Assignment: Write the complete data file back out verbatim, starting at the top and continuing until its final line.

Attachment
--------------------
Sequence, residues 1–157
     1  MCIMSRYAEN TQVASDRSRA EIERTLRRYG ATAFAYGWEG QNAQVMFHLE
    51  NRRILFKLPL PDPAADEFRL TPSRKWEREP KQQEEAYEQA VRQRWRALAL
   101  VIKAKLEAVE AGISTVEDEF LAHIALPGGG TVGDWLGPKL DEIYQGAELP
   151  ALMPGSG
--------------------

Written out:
Sequence, residues 1–157
     1  MCIMSRYAEN TQVASDRSRA EIERTLRRYG ATAFAYGWEG QNAQVMFHLE
    51  NRRILFKLPL PDPAADEFRL TPSRKWEREP KQQEEAYEQA VRQRWRALAL
   101  VIKAKLEAVE AGISTVEDEF LAHIALPGGG TVGDWLGPKL DEIYQGAELP
   151  ALMPGSG